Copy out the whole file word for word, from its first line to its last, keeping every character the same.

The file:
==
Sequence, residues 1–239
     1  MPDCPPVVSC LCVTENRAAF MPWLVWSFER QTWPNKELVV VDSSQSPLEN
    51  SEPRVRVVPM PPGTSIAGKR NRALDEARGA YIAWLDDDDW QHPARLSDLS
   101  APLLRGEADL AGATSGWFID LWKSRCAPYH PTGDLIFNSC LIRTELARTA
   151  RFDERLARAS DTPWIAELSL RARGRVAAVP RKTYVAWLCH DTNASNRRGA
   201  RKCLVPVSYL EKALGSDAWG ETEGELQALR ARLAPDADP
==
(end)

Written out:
Sequence, residues 1–239
     1  MPDCPPVVSC LCVTENRAAF MPWLVWSFER QTWPNKELVV VDSSQSPLEN
    51  SEPRVRVVPM PPGTSIAGKR NRALDEARGA YIAWLDDDDW QHPARLSDLS
   101  APLLRGEADL AGATSGWFID LWKSRCAPYH PTGDLIFNSC LIRTELARTA
   151  RFDERLARAS DTPWIAELSL RARGRVAAVP RKTYVAWLCH DTNASNRRGA
   201  RKCLVPVSYL EKALGSDAWG ETEGELQALR ARLAPDADP